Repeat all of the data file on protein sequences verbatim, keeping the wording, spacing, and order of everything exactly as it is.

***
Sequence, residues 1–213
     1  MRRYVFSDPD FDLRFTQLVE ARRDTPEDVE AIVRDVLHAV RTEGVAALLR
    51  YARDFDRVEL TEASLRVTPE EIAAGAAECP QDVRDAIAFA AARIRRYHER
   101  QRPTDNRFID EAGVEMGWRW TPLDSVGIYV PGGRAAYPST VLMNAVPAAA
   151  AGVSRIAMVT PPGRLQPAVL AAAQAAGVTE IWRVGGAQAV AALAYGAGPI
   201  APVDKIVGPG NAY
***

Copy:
Sequence, residues 1–213
     1  MRRYVFSDPD FDLRFTQLVE ARRDTPEDVE AIVRDVLHAV RTEGVAALLR
    51  YARDFDRVEL TEASLRVTPE EIAAGAAECP QDVRDAIAFA AARIRRYHER
   101  QRPTDNRFID EAGVEMGWRW TPLDSVGIYV PGGRAAYPST VLMNAVPAAA
   151  AGVSRIAMVT PPGRLQPAVL AAAQAAGVTE IWRVGGAQAV AALAYGAGPI
   201  APVDKIVGPG NAY